In an ideal scenario, the Indian women’s hockey team would have liked to have started 2024 by fine tuning their preparation for the 2024 Paris Olympics. Instead, they find themselves needing to play five crucial matches to qualify for the Games.

Janneke Schopman’s team return to Ranchi, where they won the Asian Champions Trophy in November, looking to punch their tickets to Paris.

India come into the tournament as favourites to clinch one of the three spots up for grabs. But as it has often been the case over the last few years, do not discount India making it difficult for themselves to get the job done.

In preparation for the Olympic qualifiers, the team competed in a Five Nations tournament in Spain where they lost three of their four matches. To be fair, the tournament served as an avenue for teams to try out different tactics and strategies ahead of the Olympic qualifiers. Moreover, none of the losses were heavy defeats.

Team analysis

Head coach Schopman continues on her mission to give young players more chances. She has named a youthful but talented 18-member squad with an average age of 24. Moreover, only six of the 18 players have been capped more than a 100 times.

Both those numbers would have risen had forward Vandana Katariya remained in the squad. The forward, who had been named as vice-captain for the tournament, had to pull out after suffering a an injury to her face.

In her place, Schopman has called up 22-year-old Baljeet Kaur to lead a young forward line. In Katariya’s absence, Lalremsiami will have to lead the attack. Though still 23, Lalremsiami is one of the more experienced players in the side.

The impressive Deepika and Sangita Kumari round up the attack. Both players have not let Schopman down since making the breakthrough into the senior team. Kumari was India’s top scorer at the Asian Games and the Asian Champions Trophy and has become a vital cog in the Indian set up.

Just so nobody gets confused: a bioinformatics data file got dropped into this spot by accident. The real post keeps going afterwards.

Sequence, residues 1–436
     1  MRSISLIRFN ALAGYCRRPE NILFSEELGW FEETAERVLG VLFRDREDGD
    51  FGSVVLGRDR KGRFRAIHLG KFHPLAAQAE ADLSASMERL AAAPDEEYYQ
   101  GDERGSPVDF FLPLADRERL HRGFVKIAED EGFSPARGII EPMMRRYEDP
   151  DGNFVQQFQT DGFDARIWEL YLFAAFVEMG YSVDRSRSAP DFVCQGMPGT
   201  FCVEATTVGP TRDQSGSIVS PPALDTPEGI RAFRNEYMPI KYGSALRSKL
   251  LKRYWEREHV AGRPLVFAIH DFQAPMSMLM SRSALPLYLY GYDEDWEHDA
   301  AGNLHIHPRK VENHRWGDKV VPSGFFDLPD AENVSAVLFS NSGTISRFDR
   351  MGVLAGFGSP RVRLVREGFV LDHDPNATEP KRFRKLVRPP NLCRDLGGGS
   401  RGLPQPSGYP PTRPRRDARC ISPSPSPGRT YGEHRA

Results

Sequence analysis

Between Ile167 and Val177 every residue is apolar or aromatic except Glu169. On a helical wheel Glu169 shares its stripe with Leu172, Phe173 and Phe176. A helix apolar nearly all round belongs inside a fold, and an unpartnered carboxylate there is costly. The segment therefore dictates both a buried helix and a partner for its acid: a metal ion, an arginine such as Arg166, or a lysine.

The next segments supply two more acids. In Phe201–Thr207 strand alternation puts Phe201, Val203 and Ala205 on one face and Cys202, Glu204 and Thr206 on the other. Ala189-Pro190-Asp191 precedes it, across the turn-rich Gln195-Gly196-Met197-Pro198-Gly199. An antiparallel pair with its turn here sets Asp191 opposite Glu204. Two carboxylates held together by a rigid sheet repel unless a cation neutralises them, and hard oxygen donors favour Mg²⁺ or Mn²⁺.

In Deepika, India have found a forward who is deadly from penalty corners. The 20-year-old helped India win their first junior women’s Asia Cup last year with four of her seven goals coming from penalty corners. She followed it up by scoring five goals in Hangzhou, of which three came from penalty corners.

The pressure will be on Deepika during penalty corners with veteran defenders Gurjit Kaur and Deep Grace Ekka missing out. The pair have been India’s go-to penalty corner specialists but were left out of the team for the Olympic qualifiers.

Schopman has named just four frontline defenders in Nikki Pradhan, Udita Duhan, Ishika Chaudhary and Monika. It is likely that some of India’s defensive-minded players from midfield will drop back and help out when required. But this is a gamble in a must-win tournament.

While the defence and attack may look weak on paper, the Indian midfield is stacked with senior pros and exciting youngsters. In Nisha, Neha Goyal, Navneet Kaur, Salima Tete and Sonika Thandi, India have a solid core of experienced players who can dictate the outcome of matches.

Jyoti Chhatri, Beauty Dungdung and Vashnavi Vitthal Phalke bring flair and energy to the midfield. Phalke, in particular, has impressed since breaking into the team last year and was one of India’s best players at the Asian Games.


New Zealand are India’s biggest challengers in Pool B with the result between the two teams likely to decide who will face Germany in the semi-finals.

India has never beaten New Zealand in regulation time. India’s only win, in 15 attempts, against the Kiwis came through a penalty shootout in the bronze medal playoff match at the 2022 Commonwealth Games.

While India has had considerable game-time during the second half of the 2023 season, New Zealand played just five matches since the 2022-23 Pro League ended in June. The Black Sticks’ only preparation for Ranchi has been a two-match series against the USA in December.

India has a similar losing record against the USA, losing nine times and winning just four times with two matches ending in draws.

India had qualified for the Tokyo Olympics by the skin of their teeth by winning 6-5 on aggregate against the US. In the playoff, India won the first match 5-1 only to lose the second match 1-4, qualifying by the narrowest of margins.

Since then the Indian team has grown in strength while USA has struggled. In the 2020-21 FIH Pro League, India won both their matches, scoring eight goals and conceding two.

Italy, ranked 19th in the world and the last team in Pool B, would have to beat impossible odds to qualify for the semi-finals. The Italians will likely serve as an opportunity for the other three teams to shore up their goal differences.

Indian squad

Goalkeepers: Savita Punia (c), Bichu Devi Kharibam 

Defenders: Nikki Pradhan (vc), Udita, Ishika Chaudhary, Monika 

Midfielders: Nisha, Vaishnavi Vitthal Phalke, Neha, Navneet Kaur, Salima Tete, Sonika, Jyoti, Beauty Dungdung

Forwards: Lalremsiami, Sangita Kumari, Deepika, Baljeet Kaur

India’s matches

January 13: Vs USA at 7.30pm

January 15: Vs NZ at 7.30pm

January 16: Vs Italy at 7.30pm

The Hockey Olympic qualifier matches will be broadcast on Sports18 and streamed live on JioCinema